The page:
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People who sit at gambling machines all day and night might simply seem to be trying to make money without having to work for it. But Natasha Dow Schüll, an associate professor in MIT’s Program in Science, Technology, and Society (STS), found otherwise when she researched her new book, Addiction by Design: Machine Gambling in Las Vegas.

Take Mollie, a mother, hotel worker, and habitual video poker player, who recounted for Schüll her life as a gambler—running through paychecks in two-day binges, cashing in her life insurance. “The thing people never understand is that I’m not playing to win,” Mollie says in the book. Instead, she was simply trying “to keep playing—to stay in that machine zone where nothing else matters.” 

Schüll’s book delves into the lives of compulsive machine gamblers—not the folks playing social games like poker around a table but the smaller percentage of the population who play alone at electronic slot machines or video poker terminals with such intensity that they enter a state of total gambling immersion, shutting out the world for long stretches of time.

As one gambling addict told Schüll: “I could say that for me the machine is a lover, a friend, a date, but really it’s none of those things; it’s a vacuum cleaner that sucks the life out of me, and sucks me out of life.” 

In Schüll’s view, the idea that machine gamblers are seeking not money as much as an escape into the “zone” has eluded politicians who wrangle over casino operations throughout the United States; more than 30 states have legalized machine gambling. “It’s a real stumbling block for policymakers to understand that,” she says.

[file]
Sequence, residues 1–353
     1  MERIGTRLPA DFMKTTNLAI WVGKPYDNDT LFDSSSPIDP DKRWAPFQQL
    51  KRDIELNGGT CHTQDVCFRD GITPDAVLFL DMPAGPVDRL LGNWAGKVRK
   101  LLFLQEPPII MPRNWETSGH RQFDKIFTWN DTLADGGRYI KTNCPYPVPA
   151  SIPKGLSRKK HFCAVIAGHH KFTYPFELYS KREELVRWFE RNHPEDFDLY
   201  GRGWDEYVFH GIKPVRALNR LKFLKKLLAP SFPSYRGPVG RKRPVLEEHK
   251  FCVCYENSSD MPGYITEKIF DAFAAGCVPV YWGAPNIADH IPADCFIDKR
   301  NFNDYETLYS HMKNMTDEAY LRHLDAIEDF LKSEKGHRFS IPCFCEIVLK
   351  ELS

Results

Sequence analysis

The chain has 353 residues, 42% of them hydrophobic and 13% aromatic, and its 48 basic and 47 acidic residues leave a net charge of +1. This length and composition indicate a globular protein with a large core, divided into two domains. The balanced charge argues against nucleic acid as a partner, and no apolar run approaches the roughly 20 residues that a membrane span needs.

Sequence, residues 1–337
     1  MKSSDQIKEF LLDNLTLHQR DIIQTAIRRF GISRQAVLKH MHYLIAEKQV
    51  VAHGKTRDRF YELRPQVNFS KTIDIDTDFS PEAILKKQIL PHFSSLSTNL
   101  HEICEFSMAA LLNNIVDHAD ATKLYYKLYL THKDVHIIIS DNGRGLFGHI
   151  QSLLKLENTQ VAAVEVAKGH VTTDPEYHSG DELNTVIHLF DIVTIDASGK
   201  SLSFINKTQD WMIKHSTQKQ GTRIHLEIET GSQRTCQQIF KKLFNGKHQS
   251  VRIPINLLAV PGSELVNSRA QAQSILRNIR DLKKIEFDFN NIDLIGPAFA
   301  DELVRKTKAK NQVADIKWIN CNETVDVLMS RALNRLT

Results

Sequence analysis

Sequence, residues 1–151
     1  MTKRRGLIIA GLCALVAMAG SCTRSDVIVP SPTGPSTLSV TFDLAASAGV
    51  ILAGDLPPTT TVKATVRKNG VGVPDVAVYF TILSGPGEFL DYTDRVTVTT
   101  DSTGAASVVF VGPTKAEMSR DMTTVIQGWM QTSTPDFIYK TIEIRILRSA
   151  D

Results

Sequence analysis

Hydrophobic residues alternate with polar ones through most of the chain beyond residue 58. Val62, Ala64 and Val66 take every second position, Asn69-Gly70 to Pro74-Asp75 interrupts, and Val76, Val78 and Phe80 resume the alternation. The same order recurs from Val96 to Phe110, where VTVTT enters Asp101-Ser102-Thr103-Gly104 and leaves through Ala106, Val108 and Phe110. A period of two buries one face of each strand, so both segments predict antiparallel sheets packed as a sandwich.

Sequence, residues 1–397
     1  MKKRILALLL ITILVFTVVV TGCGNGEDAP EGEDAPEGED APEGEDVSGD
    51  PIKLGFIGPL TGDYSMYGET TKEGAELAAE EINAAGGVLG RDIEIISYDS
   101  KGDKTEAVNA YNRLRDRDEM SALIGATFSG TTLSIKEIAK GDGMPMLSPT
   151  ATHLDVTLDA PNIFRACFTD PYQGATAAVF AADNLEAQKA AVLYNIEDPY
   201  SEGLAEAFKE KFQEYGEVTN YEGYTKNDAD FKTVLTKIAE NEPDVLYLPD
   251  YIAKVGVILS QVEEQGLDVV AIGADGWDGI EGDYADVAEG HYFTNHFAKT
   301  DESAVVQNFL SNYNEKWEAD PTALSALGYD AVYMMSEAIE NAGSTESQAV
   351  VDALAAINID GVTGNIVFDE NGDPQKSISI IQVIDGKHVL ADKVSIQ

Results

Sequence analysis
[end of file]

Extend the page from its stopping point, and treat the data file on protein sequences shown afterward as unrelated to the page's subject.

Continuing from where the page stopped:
Schüll started tackling the subject in the early 1990s as an undergraduate at the University of California at Berkeley, where she wrote a thesis about casino architecture. Knowing she wanted to write more about the interactions between people and technology—”I’m geeky at heart,” she says—she moved to Las Vegas in the late 1990s to conduct PhD research on compulsive gamblers, in part by interviewing addicts and industry executives. She even worked in a treatment program for gambling addiction. 

Disordered gambling, as the American Psychiatric Association now calls the problem, seems to afflict just 1 to 2 percent of Americans. Yet according to a series of studies that Schüll cites, those people generate a far larger portion of the revenues casinos reap through gambling machines. In her book, she looks at what the industry has done to make those devices more compelling. For instance, video slot machines now deliver frequent small wins rather than infrequent large jackpots, to better sustain what she calls “the flow of the experience.” 

Schüll has testified about the subject in front of the Massachusetts state legislature. As she asks, “Given the nature of this product and this interface, shouldn’t policymakers, state legislatures, be learning a little bit more about how this product affects people?” 

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